Kuleba explains why Ukraine's rhetoric at UN has become harsher

Kuleba explains why Ukraine's rhetoric at UN has become harsher

Ukrainian Foreign Minister Dmytro Kuleba has explained why Ukraine's rhetoric at the current session of the UN General Assembly has become harsher.

In his blog for Ukrinform, Kuleba wrote that simply warning the world about the new challenges that Ukraine has faced earlier than others is futile. In his opinion, it is necessary to be proactive and show others the way.

"Today's level of global challenges leaves no time for procrastination, leaves no right to softness, and leaves no opportunity to 'sit back.' We in Ukraine have faced many modern challenges earlier than others. Take, for example, the issue of misinformation. We had warned the world about this threat back in 2014, when we found ourselves in the grinder of Russian propaganda. But no one seemed to be willing to hear us out. And in a few years, it was they who faced what Kyiv had long been talking about. Ukraine is ready to share the experience we have gained in countering hybrid threats over more than seven years of repelling Russian aggression. But now we know for sure: simply appealing and warning is futile. Today we need to be pro-active and show others the way. That is why Ukraine's rhetoric has changed," Kuleba wrote.

Read also: Kuleba on Zelensky's meetings in New York: Ukraine strengthening partnership with powerful players

Commenting on the Ukrainian delegation's participation in the UN General Assembly, Kuleba said that "tackling climate change is in some ways easier than taking a clear stand on forcible altering of borders."

"It is convenient to fight climate change because it doesn't fight back. However, to voice a clear position on Crimea, one needs to have the courage to challenge a very specific permanent member of the UN Security Council," Kuleba wrote, meaning Russia. He added that the UN still lacks such courage to do so. "But we are working to encourage it to this end. On our side, we have almost fifty states that are not afraid to call the Crimea issues by their names," the minister said.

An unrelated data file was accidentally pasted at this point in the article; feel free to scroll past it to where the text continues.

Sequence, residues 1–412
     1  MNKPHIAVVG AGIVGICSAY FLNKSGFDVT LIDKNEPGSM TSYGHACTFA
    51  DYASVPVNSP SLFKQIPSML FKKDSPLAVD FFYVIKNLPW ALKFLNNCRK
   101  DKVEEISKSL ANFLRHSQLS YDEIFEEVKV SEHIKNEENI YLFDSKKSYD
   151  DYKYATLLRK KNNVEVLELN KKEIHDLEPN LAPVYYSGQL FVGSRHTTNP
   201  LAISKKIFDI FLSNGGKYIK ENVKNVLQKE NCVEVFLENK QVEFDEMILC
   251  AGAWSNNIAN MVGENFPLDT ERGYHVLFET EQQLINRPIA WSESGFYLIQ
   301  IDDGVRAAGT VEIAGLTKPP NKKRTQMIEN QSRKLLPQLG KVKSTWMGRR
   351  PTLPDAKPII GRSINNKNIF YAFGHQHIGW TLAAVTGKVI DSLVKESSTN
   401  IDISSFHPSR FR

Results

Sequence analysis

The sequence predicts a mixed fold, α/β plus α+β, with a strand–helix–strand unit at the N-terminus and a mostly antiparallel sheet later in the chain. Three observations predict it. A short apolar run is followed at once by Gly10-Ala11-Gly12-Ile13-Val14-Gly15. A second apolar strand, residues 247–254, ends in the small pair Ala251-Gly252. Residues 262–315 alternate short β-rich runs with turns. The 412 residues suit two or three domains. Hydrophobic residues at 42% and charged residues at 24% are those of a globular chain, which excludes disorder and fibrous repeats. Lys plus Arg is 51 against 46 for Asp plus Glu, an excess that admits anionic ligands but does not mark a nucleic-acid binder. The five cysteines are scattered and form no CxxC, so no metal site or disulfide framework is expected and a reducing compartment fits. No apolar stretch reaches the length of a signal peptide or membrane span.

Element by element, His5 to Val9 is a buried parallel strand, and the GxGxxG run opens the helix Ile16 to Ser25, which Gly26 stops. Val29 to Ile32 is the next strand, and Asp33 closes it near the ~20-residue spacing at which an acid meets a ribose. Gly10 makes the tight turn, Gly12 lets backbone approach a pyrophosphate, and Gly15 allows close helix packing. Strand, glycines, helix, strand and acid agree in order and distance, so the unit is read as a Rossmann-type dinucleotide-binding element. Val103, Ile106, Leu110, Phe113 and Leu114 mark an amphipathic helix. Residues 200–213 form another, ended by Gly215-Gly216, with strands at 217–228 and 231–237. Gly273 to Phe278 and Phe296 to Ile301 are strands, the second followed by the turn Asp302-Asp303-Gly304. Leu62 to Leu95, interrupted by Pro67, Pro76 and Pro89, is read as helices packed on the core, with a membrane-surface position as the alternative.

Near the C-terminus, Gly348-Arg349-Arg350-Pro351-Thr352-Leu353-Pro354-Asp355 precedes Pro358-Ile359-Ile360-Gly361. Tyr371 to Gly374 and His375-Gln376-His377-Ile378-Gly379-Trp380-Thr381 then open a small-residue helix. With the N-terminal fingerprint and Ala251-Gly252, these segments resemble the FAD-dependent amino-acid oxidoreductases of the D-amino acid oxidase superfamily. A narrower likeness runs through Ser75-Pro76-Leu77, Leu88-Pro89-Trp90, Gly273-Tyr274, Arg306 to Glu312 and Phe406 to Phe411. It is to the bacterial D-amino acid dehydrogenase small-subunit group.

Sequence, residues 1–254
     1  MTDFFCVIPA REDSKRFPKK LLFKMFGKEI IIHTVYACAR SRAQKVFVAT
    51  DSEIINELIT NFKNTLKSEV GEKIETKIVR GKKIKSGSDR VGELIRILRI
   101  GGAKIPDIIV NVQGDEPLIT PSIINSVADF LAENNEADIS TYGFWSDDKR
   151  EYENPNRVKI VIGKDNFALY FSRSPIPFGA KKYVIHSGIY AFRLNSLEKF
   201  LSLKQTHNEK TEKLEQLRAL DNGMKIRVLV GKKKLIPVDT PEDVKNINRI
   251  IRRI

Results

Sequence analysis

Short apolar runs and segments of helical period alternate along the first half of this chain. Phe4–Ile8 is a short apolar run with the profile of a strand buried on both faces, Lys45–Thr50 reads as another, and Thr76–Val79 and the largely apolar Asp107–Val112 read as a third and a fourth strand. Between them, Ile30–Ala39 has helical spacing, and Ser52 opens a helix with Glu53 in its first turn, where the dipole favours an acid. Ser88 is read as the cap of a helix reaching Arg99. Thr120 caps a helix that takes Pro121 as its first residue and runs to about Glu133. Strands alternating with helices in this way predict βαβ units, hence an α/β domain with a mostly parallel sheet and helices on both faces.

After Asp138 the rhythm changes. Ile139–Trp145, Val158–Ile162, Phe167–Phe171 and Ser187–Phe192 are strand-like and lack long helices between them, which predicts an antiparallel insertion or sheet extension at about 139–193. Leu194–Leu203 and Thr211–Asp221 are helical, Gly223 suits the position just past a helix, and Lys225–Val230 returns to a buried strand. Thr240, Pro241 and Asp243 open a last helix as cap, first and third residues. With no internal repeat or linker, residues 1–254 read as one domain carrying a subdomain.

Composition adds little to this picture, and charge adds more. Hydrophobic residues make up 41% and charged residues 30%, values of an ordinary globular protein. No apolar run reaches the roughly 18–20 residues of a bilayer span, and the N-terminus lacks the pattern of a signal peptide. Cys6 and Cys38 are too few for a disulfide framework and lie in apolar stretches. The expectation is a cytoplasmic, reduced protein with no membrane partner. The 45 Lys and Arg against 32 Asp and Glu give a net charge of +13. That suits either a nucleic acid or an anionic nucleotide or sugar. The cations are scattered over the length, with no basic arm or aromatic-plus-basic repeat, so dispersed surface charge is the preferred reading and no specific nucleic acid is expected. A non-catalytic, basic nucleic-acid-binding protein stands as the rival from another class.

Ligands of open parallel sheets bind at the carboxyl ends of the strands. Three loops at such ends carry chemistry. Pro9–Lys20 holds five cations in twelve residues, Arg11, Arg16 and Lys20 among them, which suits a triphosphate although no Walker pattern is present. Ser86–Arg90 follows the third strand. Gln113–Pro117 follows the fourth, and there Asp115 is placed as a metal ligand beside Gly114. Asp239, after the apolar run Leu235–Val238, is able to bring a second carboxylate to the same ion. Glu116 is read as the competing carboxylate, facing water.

According to him, the UN, just like international politics in general, needs change. The president's speech testified that Ukraine is not just ready to become a driver behind these changes – it already is one, Kuleba said.

The occupation of Crimea is a global problem, not exclusively a Ukrainian one. It threatens principles fundamental for the UN and the whole world, such as international peace and security, inviolability of borders, freedom of navigation, protection of human rights and those of indigenous peoples, and environmental security. As the Ukrainian president said, "instead of fauna and flora, there is a fleet and soldiers" in Crimea today, Kuleba said.

"The UN must respond more actively to Russia's criminal activity," Kuleba wrote, recalling that about 15,000 people have already died as a result of Russian aggression.

On September 22, Zelensky in his speech at the 76th session of the UN General Assembly called for a "revival" of the UN and its charter, noting that the organization had shown weakness in its fight against the coronavirus pandemic, ignored participation in the Crimea Platform summit, and failed to respond properly to Russia's issuing passports to residents of the temporarily occupied territories of Ukraine and the involvement of Ukrainian citizens in the State Duma election.


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